New York Gov. David Paterson rejected Wednesday night the Broadwater project, a controversial liquefied-natural-gas terminal that Broadwater Energy sought to build in the Long Island Sound, the New Haven Register reported on Thursday.

Many Connecticut state officials, such as Gov. M. Jodi Rell, oppose the project because of the potential environmental repercussions. Yesterday, Rell also publicly endorsed federal legislation stripping the Federal Energy Regulatory Commission of the ability to singularly approve the construction of terminals such as that proposed by the Broadwater project.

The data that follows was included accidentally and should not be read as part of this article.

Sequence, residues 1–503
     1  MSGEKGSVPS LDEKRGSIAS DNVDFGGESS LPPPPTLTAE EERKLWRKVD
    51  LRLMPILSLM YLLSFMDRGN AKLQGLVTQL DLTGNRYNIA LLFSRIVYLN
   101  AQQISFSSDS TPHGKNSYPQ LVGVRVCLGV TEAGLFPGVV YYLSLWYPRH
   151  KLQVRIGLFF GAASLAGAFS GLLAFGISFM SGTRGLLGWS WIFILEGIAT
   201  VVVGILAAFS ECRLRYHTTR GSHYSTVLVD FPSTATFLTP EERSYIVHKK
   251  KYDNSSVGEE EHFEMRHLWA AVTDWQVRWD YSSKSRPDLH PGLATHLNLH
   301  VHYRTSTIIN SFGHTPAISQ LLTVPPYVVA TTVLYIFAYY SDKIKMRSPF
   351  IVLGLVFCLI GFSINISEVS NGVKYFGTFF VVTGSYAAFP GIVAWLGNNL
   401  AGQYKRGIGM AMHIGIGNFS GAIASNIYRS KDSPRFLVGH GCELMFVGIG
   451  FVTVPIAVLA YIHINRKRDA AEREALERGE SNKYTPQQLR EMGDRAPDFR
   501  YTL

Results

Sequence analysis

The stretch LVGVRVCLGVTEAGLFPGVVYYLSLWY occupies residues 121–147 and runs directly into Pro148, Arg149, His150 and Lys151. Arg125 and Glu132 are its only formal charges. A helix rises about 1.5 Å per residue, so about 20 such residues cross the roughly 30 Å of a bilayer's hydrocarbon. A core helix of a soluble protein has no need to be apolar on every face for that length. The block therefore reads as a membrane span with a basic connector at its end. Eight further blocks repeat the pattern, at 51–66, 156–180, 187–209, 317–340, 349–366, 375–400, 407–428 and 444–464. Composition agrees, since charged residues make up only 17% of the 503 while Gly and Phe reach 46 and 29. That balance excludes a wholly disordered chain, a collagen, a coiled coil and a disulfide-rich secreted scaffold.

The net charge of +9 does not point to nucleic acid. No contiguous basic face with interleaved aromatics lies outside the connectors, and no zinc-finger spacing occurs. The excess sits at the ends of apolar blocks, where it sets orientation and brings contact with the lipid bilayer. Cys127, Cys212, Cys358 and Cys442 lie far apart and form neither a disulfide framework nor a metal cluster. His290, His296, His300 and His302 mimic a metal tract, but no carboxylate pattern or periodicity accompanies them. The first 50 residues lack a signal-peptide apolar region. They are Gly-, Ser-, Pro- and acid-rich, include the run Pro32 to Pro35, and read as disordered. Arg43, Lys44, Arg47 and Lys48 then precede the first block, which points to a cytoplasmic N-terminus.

The Broadwater terminal is among 23 liquefied-natural-gas-terminals that the FERC has recently approved for placement throughout the country. A barge-like site that would convert liquefied gas into oil, Broadwater would have provided energy to both Connecticut and New York. But, since it would have sat in a section of the Long Island Sound considered to be New York waters — by distance, it would have been about 1 mile closer to New York than to Connecticut — New York had sole power to decide whether the project would go forward.

Attorney General Richard Blumenthal told the Register that the rejection is “a huge and historic victory for both sides of the Sound.”

“I can tell you that this plan has been rejected on solid coastal zone criteria that will be upheld if they are challenged, and this decision is on very solid legal ground,” Blumenthal told the Register.

Paterson is expected to officially declare his decision at 2 p.m. today, near the Long Island Sound.

— Samuel Breidbart contributed reporting.